In the Russian campaign of 1812, Friant commanded the 2e Division of Davout's I Corps. In August 1812, after General Dorsenne's death, he was nominated as commander of the Grenadiers à Pied de la Vieille Garde. Friant remained at the head of his Division. He was wounded yet again at the Battle of Smolensk 17 August and severely wounded during the capture of Semenovskaya village at the Battle of Borodino 7 September 1812. Incapacitated and left behind at Gzhatsk, he was still there with his wounds unhealed when the retreating army returned to Gzhatsk at the end of October.
Friant returned to France to recover from his wounds in January 1813. He returned to the front in June 1813, commanding the Old Guard Division at the Battles of Dresden 26 August, Leipzig 16–19 October, and Hanau 30 October 1813.

In the 1814 campaign in France, Friant and his 1st Division of the Old Guard fought a successful defensive action against Gyulai's Austrians at Bar-sur-Aube on 24 January. Friant took part in Napoleon's surprise counter-offensive against Blücher's Army of Silesia, gaining victories at Montmirail 11 February, Château-Thierry 12 February, and Vauchamps 14 February 1814. Friant's Old Guard was the core and reserve of the Emperor's masse de manoeuvre. They were committed to battle in the bloody and indecisive clash at Craonne 7 March 1814, the reverse at Laon 9–10 March, the recapture of Reims 13 March, and the defeat at Arcis-sur-Aube 20 March.

During Napoleon's exile, Friant was retained as commander of the Grenadiers à pied de France. In the campaign of the Hundred Days, he was appointed as Colonel-in-chief of the first Grenadiers à Pied of foot of the old guard. His men made the final assault on Ligny as darkness fell on 16 June 1815.
On 18 June, at Waterloo Friant led his 3800 Old Guard Grenadiers in the final, fateful attack on Wellington’s Allied center, where he was wounded once again. He was admitted to retirement on September 4, 1815, at the age of 57 years where he had served in 34 years of campaigns.

He died on 24 June 1829, aged 70. His name is on the Arc de Triomphe in Paris.

Thursday, 3 November 2016

Wagons - Part One

Wagons were the most important item for an 18th Century army. Without these no supplies could be sent to the front or to keep the army on the march. The wagons would carry all sort of equipment that any army might need on campaign such as ammunition, pontoon & bridging equipment, wheelwrights, blacksmiths or even ambulances. The cargo would also be musket cartage's, power, flints, dry food, water, fodder for the horses and much more. The logistics for any Napoleonic army must have been immense with the number of men and even camp followers that went on campaign.
In the Peninsula War the Royal Horse Artillery ‘A Troop’ which was called the chestnut troop due to the colour of the horses, contained five guns and a 5-5 Howitzer with 162 men. Each of the guns needed one Ammunition wagon. Also there were another three wagons for the troop which was for ammunition, baggage and forage for the horses.

So why do we not see many wargamers using them on their battlefield tables? The answer could be one of two things the lack of space with a small wargaming table would defiantly be the biggest answer. The second answer is that there are not many of the plastic companies out there that make them for us till now. There are many metal companies that make wagons but not many for 20mm fans.

When I started wargaming back in the early 70’s the only plastic company around then was Airfix. They brought out the very first plastic wagon set which were in fact the ‘Wagon Train’ set number 01715 for the cowboys and Indian figures that they had put into production back in 1962. The set made in brown plastic contained just one covered wagon pulled by four horses which was very basic and under scale for 1/76.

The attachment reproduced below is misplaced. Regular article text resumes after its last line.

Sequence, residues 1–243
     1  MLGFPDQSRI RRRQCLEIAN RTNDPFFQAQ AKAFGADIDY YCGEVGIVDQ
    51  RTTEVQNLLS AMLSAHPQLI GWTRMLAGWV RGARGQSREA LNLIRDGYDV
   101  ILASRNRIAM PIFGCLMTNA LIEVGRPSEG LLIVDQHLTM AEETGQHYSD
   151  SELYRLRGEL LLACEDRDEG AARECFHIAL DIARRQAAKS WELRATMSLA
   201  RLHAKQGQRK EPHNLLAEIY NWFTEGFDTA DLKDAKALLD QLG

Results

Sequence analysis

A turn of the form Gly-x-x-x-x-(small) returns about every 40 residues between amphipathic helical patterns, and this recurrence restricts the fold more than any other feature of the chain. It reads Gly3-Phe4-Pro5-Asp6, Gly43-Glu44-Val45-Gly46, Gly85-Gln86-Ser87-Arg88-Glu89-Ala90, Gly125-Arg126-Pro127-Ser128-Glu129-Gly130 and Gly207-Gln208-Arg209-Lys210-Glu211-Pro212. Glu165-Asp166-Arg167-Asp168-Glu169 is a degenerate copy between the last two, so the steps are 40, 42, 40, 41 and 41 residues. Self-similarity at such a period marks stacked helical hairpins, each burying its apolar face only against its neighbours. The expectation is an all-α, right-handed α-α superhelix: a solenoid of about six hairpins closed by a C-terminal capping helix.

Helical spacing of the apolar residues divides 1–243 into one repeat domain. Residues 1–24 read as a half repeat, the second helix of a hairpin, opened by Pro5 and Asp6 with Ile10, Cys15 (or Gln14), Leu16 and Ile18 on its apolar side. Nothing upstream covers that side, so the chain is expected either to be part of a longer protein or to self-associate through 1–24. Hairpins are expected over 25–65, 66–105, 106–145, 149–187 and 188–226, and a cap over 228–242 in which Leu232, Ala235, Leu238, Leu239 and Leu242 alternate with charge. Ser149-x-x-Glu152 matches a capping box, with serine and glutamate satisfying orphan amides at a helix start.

Picture from Plastic Soldier Review Site
Atlantic then brought out a ‘Pioniers Wagons’ set number 1052 sometime in the late 70’s.  This set is very hard to find as the company went out of business in 1984. So I am glad that I brought a set back then as they were my main wagon supplies for my army back then. The set contained four covered wagons made in brown plastic each pulled by two oxen. This then was a great set to have which also included barrels shovels and pick-axes and a little lantern which could be attached to the back end of the wagons which I think was a nice touch.

Imex was the next plastic company to produce wagons back in 1997 all made in light brown plastic. They produced two sets the first being a ‘Chuck Wagon and Prairie Schooner’ one wagon of each was covered and pulled by two horses and then in the same year ‘Munitions and Ambulance Wagon’ set number 514. The munitions wagon had an open top with two horses and the ambulance had a covered top again with two horses with two stretchers as accessories. Although this set was for the American Civil War. Another nice set which again I have in my collection and in the painting queue. Imex also produced to more wagon set in 2004 which was a box containing two ‘Conestoga Wagons’  and a ‘Wagon Train’ set 610 which contained 8 Conestoga wagons, one chuck wagon and one Prairie Schooner. All of the above was produced as an American History Series. These can still be brought in model shops and on the Internet.

We had to wait for Italeri in 2000 to produce the very first Napoleonic wagons with a box called ‘Napoleonic Wars Accessories’ set number 6017. This was for the French army. It’s just a shame that it only had one wagon which can be covered or uncovered. The wagon is pulled by two horses and with a driver in blue plastic. The accessories included infantry sitting around ready to move off or resting after a long march.

Picture from Plastic Soldier Review Site

HaT then in 2006 produced the best Napoleonic wagon set to date for the French. Box number 8106 ‘French Baggage Wagons’ in light grey plastic contains three wagons which again can be covered or uncovered pulled by two horses each with driver. At the same time they have produced ‘Ammunition Caisson’ box number 8101, ‘Wurst Wagon’ 8102, ‘Light and Heavy Ambulance’ numbers 8103/8104, ‘Field Forge’ 8107 and ‘Pontoon Wagons’ 8108. All of these sets have three of each.

HaT on their web page have in the pipeline sets for the Prussians including Ammunition Caisson, Baggage and Limbers for the artillery. These have been in production for a long while now but hope that these will be produced in the near future.

Picture from Plastic Soldier Review Site